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Wednesday, August 21, 2013

Critting THE LAST ORPHANS: just needs some tightening

A sci-fi/adventure YA called The Last Orphans goes under the red pen...

Chapter 1

Dad twisted around and glared, the veins in his leathery neck and temple bulging.

“You can’t keep carrying on about it, Shane,” he yelled. “She’s dead! That’s the short and sweet. Time to grow up and face the fact.>>IMO, you don't need that line.

“Bill,” Jackie shrieked, “look where you’re going!” >>I see why you need her name in here, but there must be some way to avoid breaking up the tension in her words. "Bill! Look where you're going!" Aunt Jackie pointed at the oncoming truck beyond the windshield. 

Spinning forward, Dad jerked the wheel. The tires screeched, and the car veered back into its lane. Shane’s body whipped hard to the left and then right, his head slamming into the window with a loud thunk. A lifted pick-up almost flattened the ancient station wagon. It swerved toward the opposite shoulder, roaring by with its horn blaring and the driver hanging his finger out at them. Rubbing the lump growing on the side of his skull, Shane almost wished the truck had put him out of his misery. >>This sequence had me thinking Shane was much smaller and younger, maybe 10 or 12, until later in the scene. 

By the time Dad got his window down and hurled a mouthful of curse words back at the truck, it was already a quarter-mile down the road.

“Such a tough guy,” Shane muttered sarcastically under his breath.

“What did you say, boy?” Dad shouted, his knuckles white from gripping the steering wheel so hard. At least this time he kept his eyes facing forward.

“Nothing,” Shane replied and looked out at the rolling hills covered in brown fescue, pastures separated by stands of twisted pine trees and rusting barbwire.

Jackie lit a Virginia Slim, her hands visibly trembling. She took a deep drag and rolled her window down a crack to pull out some of the disgusting smoke.

“You have got to be the worst driver alive,” she seethed between puffs.

“Well, it’s that one’s fault,” Dad retorted with a defensive whine in his tone, like he always did when she laid into him. Pointing his thumb at the backseat, he glared at Shane in the rearview mirror, the car drifting across the centerline again.

“You still cry’n?” >>who said this?

Shane was, but it wasn’t like he sobbed inconsolably. The silent tears in his eyes trickled out for two very good reasons. One—Shane had loved Granny. She was the sanest person in his jacked-up family. She had always been there when he needed a place to run to, a place where he could find a minute of peace. And now she was gone. It felt like a round bale of hay—those big ones full of moldy thistle that they fed to cattle—sat on his chest. Reason two—Shane’s boiling anger towards his dad made him want to punch something. With each passing moment, the pressure of his bottled-up rage increased, forcing hot tears to seep out of his eyes. Dad getting drunk and being a prick to him in private was one thing. Spewing all that crap about Granny at the reception—for that he deserved to have his nose busted. And he didn’t even have the decency to wear a suit to the funeral, showing up in his greasy blue work Dickies with his stupid name above the shirt pocket.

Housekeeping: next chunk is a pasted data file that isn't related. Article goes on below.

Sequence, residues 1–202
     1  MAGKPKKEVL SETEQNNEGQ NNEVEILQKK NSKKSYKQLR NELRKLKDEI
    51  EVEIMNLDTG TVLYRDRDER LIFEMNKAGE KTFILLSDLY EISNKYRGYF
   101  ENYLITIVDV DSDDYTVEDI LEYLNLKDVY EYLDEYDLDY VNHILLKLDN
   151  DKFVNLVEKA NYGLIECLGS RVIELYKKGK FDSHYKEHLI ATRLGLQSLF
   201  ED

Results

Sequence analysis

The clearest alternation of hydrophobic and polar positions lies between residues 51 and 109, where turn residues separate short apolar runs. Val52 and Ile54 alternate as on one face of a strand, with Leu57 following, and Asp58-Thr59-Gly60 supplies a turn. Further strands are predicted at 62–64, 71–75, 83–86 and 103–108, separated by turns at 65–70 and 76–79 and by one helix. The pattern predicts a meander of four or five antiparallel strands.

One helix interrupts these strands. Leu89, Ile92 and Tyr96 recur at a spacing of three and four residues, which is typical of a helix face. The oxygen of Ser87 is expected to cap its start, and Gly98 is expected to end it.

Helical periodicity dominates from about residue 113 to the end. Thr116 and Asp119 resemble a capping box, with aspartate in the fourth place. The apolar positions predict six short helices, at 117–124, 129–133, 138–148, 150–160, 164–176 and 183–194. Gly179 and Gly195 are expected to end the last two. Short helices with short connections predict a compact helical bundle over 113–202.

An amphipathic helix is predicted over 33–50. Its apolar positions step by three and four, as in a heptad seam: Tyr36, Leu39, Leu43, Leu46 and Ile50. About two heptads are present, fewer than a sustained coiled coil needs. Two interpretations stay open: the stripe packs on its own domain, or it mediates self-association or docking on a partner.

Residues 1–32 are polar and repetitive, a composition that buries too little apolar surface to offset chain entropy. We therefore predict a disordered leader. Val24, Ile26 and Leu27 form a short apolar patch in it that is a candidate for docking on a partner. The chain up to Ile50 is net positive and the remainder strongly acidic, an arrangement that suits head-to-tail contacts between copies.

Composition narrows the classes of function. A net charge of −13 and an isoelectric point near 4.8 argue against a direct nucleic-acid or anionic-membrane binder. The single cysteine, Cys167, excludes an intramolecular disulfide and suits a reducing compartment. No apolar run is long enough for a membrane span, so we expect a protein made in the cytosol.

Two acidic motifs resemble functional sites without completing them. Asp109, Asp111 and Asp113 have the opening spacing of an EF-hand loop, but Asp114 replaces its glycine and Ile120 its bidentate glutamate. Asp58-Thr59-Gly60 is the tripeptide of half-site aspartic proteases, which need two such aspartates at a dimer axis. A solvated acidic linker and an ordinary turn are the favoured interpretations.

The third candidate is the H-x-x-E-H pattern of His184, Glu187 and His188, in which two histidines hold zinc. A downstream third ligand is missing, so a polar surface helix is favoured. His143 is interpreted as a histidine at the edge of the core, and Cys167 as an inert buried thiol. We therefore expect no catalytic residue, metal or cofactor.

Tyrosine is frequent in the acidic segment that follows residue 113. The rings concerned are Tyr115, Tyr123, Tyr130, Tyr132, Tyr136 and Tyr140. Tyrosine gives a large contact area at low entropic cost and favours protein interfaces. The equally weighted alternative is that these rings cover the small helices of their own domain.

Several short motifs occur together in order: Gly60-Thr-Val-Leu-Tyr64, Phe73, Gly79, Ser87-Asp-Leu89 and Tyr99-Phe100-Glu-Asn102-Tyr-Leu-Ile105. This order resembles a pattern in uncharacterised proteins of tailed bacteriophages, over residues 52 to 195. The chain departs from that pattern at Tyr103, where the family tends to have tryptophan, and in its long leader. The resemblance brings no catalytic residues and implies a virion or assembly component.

Dad slammed on the brakes and swerved off onto the shoulder. Gravel tinged against the corroded bottom of the musty old car, and a cloud of dust engulfed it as it skidded to a halt. He jumped out and ran around the front to get to Shane’s door, squatting down so he could glower at him the whole way. Dad pulled Shane’s door open so hard, it was a miracle it didn’t come off its creaking thirty-year-old hinges. >>Heh, difficult to run when you're squatting. Needs clarification.

“Get the hell out!”

Shane stared up at him, unsure how to proceed.

“I said get out, damn it,” Dad repeated, spittle flying from his mouth. “I won’t have a sixteen-year-old boy bawl’n like a little girl all the way home. Man up or walk.”

Too much wine had left Dad’s teeth and lips stained red, and Shane could smell the alcohol, even over the foul stench of Jackie’s cigarette. His aunt had whispered an apology to Shane, saying she’d only provided wine because she didn’t think his dad would drink it. What she hadn’t realized was that Dad had become such a raging alcoholic that he would’ve drunk turpentine if she’d put it out.

His father’s eyes widened, and his fists balled up. Shane expected Dad to grab him and try to drag him from the car. >>new paragraph

“You know what?” Shane shouted. Gritting his teeth, he climbed out. He had grown a lot in the last two years; he wasn’t the little boy scared of the big man anymore. Continuing in a quieter yet meaner voice, Shane put all the hate he could into each word, “I want nothing more than to be out of your stupid car.” >>I'd make that last line shorter. When people are angry, they tend to say less IME.

Standing there with his arms crossed over his chest, Shane stared down at his father’s sunburned bald head, ready to swap blows. Dad pulled his oil-stained hand away from the car door and straightened up in an obvious attempt to be taller. He huffed angrily, and his breath smelled like another DUI in the making.

Was he daring Shane to hit him? Why not, it might do him some good, Shane thought. And if he could knock him out, he’d be keeping him from driving drunk. It’d be a community service.

Dad leaned back a little, like he sensed Shane’s thoughts. The whiskers of his thick red and gray mustache pulled down on the sides and twitched. The muscles in his forearms, swollen from twenty years of work as a mechanic, rippled. His big scarred knuckles protruded outward as his fists clenched tighter. Shane braced himself, ready to fight. He’d taken a thousand hits on the football field; he could certainly handle one from this old man.

“Don’t come home ‘til you’re done blubber’n,” Dad growled with faltering bravado.

“I wasn’t planning on it,” Shane replied and slammed the door so hard the car’s decrepit suspension complained with loud reverberating squeaks.